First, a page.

A 295bhp motor drives each wheel, giving a total 1180bhp
It weighs about the same as a BMW Z4 and is 10cm shorter
"This car has looming, predatory presence, just as a 1180bhp hypercar should"
Our test took place on an airfield near Ariel’s Somerset HQ
Of course it will oversteer: it’s an Ariel, isn’t it?
This Hipercar is Ariel’s first full-bodied running prototype
Finished product will look and feel much more inviting
A motorsport influence pervades
Test car is purposeful and functional
“Plush Le Mans” is final aim for cabin
Cooling has been a tough nut to crack
Petrol-powered gas turbine range extender is optional
"It looks for all the world like a tiny rocket booster"
Aero elements were honed at length
It’s the first electric Ariel – and the first with ‘proper’ doors
Small Ariel team punches well above its weight
Project involves key, expanding partners
It needed an Ariel aesthetic but within type-approval rules
An early design deemed “a bit bland”
Ariel started out making two-wheelers
Atom sports car was originally devised in mid-1990s
Currently rolling out from under the domed roof of a Race Shuttle trailer is an advanced taste of things to come from Ariel Motor Company Ltd.
A fairly compact, unconventional, insectoid-looking supercar with a closed cockpit, dihedral doors, some huge aero fins, and hindquarters that could have been donated by a jet aircraft, it gently drops off the trailer ramp, and then just sits there – so bold as to be almost indecent in places – ready for closer inspection.
It’s a long way from an Atom, in more ways than one. This is the jawdropping electrified Ariel Hipercar – and today, we will be among the very first in the world to drive it.
It’s early on a foggy Tuesday and we’re on a disused airfield, only about 20 miles from Ariel’s Somerset base. The old runways here look dishevelled to say the least (the last time they had fresh bitumen, the landowner says, was when they needed to be concealed from the airborne gaze of the Luftwaffe).
If we were about to get a look at the first electric model from a more typical sports car brand – Porsche, Ferrari, Mercedes-AMG, you name it – we’d be in an air-conditioned auditorium instead, in front of a tennis court-sized projection screen, bombarded with lasers and atmospheric music; and you can bet that we wouldn’t be going anywhere near a driver’s seat. Thankfully, Ariel does things a little differently – and today there is nowhere else in the world I’d rather be.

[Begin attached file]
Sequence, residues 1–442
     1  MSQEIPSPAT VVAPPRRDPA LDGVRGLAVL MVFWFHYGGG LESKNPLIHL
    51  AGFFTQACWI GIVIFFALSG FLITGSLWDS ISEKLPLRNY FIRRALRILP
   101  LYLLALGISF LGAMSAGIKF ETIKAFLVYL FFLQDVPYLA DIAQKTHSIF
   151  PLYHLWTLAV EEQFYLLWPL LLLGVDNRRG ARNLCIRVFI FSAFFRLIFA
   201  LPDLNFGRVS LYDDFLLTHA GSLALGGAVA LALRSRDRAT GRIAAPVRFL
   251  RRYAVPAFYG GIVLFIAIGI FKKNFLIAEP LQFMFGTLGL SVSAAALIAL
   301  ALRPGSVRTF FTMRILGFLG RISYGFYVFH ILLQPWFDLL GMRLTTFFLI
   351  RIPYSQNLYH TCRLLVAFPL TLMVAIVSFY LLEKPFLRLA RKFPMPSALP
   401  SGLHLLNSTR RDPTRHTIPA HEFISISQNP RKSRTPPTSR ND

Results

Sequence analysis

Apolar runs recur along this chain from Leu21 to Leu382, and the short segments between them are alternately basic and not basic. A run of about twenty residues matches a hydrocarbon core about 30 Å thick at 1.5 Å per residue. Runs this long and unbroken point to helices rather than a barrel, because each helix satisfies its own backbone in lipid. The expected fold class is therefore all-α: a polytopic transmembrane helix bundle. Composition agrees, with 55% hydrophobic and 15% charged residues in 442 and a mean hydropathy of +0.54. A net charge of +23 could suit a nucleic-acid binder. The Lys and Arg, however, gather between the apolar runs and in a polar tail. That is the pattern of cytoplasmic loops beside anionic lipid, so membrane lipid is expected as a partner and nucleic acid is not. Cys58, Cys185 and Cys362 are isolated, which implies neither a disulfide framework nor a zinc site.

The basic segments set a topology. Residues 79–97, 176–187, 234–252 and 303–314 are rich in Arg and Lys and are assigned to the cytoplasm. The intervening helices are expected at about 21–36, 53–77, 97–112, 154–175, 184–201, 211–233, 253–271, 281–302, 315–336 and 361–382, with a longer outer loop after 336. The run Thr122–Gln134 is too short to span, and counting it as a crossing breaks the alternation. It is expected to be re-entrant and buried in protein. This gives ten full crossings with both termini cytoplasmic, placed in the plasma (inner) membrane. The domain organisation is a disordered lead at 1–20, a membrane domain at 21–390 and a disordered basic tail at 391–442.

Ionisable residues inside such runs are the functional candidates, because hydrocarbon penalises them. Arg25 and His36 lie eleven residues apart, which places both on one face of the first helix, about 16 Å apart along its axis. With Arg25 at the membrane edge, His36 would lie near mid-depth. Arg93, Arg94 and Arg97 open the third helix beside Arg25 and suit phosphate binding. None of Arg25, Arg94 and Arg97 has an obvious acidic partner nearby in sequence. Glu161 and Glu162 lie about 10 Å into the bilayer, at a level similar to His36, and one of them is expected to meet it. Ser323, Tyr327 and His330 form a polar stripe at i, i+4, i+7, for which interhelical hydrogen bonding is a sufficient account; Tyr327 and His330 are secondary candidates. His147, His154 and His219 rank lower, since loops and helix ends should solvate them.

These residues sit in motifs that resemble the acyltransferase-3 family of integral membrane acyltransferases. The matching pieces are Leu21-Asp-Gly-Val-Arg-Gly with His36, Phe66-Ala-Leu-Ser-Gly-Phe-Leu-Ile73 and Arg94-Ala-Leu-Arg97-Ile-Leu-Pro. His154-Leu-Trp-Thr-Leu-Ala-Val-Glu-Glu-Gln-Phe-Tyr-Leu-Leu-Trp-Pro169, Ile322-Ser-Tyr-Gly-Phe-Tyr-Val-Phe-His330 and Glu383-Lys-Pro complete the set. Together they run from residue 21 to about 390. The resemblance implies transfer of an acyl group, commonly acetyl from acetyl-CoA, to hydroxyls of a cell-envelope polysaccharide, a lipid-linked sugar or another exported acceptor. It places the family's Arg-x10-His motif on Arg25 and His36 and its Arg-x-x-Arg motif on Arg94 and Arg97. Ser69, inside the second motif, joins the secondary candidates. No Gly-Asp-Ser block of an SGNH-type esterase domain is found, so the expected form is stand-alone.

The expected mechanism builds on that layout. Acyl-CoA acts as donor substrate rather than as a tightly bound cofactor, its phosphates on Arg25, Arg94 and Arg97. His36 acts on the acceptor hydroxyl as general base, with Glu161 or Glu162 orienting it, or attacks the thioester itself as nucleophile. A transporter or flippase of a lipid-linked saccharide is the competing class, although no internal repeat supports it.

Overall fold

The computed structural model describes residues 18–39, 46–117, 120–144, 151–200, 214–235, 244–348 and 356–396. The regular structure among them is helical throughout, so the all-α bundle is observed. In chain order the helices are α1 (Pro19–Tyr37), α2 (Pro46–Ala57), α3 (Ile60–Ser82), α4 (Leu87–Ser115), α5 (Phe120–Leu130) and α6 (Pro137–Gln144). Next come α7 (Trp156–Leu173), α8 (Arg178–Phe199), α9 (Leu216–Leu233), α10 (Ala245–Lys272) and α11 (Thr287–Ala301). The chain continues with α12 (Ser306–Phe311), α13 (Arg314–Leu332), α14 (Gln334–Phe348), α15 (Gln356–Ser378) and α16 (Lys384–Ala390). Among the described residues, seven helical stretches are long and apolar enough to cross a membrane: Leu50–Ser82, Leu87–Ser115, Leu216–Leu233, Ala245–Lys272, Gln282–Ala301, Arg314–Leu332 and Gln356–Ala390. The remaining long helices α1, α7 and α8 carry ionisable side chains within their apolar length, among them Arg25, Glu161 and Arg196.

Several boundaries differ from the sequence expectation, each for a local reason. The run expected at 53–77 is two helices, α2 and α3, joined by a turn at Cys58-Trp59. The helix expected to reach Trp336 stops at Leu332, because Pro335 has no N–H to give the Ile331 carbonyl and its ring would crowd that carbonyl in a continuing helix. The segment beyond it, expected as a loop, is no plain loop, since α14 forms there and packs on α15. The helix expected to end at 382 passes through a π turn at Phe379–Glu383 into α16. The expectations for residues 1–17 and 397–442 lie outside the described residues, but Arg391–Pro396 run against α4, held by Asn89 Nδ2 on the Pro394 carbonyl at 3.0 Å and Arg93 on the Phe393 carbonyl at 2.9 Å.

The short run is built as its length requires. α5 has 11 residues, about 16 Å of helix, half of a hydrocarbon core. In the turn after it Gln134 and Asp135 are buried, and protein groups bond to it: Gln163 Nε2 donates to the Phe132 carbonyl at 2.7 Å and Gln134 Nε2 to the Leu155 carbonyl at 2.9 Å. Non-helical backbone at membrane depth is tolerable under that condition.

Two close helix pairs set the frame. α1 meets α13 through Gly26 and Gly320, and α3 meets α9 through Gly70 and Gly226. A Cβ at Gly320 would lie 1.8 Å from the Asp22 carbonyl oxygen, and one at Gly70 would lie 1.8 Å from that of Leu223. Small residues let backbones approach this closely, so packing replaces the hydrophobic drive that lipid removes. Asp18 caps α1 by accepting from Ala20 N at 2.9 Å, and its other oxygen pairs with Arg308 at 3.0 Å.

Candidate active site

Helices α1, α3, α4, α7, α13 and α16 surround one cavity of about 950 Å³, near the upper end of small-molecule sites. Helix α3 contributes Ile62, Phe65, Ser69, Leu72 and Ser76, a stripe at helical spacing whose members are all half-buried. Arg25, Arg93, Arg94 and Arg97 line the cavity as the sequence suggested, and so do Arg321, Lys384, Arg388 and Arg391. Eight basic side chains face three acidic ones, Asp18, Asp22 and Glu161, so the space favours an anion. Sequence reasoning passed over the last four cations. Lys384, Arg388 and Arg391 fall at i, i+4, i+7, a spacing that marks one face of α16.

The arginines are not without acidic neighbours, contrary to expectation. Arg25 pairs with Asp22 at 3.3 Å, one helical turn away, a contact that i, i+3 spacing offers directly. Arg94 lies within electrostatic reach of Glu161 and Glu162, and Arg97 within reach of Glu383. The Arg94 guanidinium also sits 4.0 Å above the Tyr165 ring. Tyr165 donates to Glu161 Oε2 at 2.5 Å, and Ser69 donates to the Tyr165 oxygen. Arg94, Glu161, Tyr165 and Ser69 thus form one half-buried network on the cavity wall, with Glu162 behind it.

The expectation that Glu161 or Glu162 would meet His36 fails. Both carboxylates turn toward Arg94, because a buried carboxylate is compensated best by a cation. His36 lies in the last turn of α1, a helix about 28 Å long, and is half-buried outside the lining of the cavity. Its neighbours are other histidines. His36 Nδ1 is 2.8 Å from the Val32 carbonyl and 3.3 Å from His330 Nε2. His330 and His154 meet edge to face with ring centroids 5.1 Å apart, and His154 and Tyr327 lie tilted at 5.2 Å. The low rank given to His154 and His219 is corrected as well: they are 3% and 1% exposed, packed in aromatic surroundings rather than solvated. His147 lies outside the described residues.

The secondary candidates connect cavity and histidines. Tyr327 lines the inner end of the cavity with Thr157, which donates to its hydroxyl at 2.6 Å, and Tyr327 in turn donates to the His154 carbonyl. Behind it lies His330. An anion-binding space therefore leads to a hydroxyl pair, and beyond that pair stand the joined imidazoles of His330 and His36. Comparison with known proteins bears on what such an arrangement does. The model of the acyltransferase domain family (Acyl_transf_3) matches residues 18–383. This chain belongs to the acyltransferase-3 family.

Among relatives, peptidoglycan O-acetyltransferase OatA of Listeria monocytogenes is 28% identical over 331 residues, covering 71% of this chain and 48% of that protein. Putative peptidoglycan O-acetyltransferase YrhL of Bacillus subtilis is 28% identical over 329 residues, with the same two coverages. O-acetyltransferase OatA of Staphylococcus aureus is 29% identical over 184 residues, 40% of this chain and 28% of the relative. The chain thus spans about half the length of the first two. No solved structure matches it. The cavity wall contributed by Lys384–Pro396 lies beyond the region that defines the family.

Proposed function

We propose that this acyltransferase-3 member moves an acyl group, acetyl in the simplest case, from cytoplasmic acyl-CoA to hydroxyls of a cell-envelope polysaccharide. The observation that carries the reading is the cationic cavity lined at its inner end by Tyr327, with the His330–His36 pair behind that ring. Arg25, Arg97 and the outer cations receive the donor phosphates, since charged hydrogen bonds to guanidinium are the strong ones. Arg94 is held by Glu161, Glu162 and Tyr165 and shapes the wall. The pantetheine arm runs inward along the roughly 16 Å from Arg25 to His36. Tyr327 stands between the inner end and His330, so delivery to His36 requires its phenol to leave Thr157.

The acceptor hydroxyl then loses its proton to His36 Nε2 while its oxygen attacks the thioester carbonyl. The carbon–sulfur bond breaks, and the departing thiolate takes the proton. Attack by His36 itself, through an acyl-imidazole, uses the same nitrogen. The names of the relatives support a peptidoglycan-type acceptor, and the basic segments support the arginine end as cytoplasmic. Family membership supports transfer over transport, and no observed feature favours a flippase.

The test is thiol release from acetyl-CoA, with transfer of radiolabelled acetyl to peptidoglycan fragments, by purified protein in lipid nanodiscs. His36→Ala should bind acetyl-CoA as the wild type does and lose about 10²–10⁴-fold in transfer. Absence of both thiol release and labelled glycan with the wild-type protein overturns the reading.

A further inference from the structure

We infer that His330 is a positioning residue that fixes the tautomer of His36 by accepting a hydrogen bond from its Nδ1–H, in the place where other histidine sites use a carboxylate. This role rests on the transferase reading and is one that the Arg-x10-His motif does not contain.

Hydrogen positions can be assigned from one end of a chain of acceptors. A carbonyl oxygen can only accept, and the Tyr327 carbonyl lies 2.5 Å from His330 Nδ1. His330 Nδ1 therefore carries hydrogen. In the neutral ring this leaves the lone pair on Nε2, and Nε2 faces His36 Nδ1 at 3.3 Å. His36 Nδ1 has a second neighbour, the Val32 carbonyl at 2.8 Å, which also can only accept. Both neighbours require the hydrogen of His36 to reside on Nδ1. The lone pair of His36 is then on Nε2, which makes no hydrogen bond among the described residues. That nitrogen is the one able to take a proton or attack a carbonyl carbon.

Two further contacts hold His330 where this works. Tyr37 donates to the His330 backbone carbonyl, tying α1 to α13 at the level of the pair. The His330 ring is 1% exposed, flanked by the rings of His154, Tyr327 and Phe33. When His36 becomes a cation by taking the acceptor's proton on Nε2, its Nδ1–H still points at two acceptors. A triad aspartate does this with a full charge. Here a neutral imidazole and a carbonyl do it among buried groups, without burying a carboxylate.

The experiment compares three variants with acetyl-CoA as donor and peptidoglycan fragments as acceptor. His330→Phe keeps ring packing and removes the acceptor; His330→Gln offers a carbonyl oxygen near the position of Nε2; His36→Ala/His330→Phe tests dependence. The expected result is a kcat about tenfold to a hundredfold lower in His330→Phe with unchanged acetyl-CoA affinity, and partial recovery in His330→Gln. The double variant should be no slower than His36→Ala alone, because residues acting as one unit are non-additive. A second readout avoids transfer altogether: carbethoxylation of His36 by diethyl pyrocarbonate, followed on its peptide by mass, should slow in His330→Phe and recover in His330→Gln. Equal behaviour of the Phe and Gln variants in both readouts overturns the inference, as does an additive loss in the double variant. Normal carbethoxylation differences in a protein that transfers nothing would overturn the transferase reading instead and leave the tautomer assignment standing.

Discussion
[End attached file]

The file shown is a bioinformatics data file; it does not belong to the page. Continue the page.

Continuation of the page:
Wow, this thing is an eyeful – a bit like some remodelled McLaren SLR with a Napoleon complex. Ariel boss Simon Saunders says they worked through plenty of other more conventional-looking, conventionally aerodynamic low-drag designs but rejected them all because they weren’t daring enough.
“Not us,” he says.
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What they’ve ended up with is a car of a similar skeletal character as an Atom, one whose tyre contact patches and beautifully machined front wishbones are visible through the partly open frontal structure but whose size and proportions are both much less toy-like and more imposing than those of an Atom. This car has looming, predatory presence – just as a 1180bhp hypercar should.
The Hipercar we’re looking at is Ariel’s first full-bodied running prototype. It has 3D-printed body panels for ease of manufacture, whereas finished versions will have all-carbon panels for a more upmarket material appeal. But I must admit, as graphic as it may sound, I do want more of the car’s innards on display. I want to see it working, the way you do an Atom – especially around the drive motors and that gas turbine at the rear. I want the whole car to be like looking at a Lego Technic model kit – because that feels like an Ariel thing now. Trouble is, the Hipercar will be a fully type-approved vehicle – crash tested, wind tunnel tested, emissions tested, the works. And where the Atom can get away with its scaffolding-like frame via the individual vehicle approval process, the rules on bodywork gaps in type-approved cars are much, much stricter.
There’s a slightly beetlish quality about the Hipercar’s cabin-rear silhouette. The cockpit could almost be sitting behind a compact, front-mid-mounted V8 engine if you didn’t know better. Instead, however, there’s a 295bhp electric motor for each of its individual drive wheels; a 62kWh drive battery under the cabin floor; a tremendously complicated multi-circuit cooling system for the car’s various heat sources; and what looks to all the world like a tiny rocket booster sticking naughtily out of that perky rear end.
“That’s the gas turbine range extender,” says Saunders, “and I’m afraid we can’t demonstrate it for you today. Our supplier isn’t quite happy with its refinement yet, so they’ve asked us not to run it. When it’s working, though, it does sound a bit like a jet engine, which justifies all the styling references, we hope!” For now, we’ll just have to take the man’s word for it.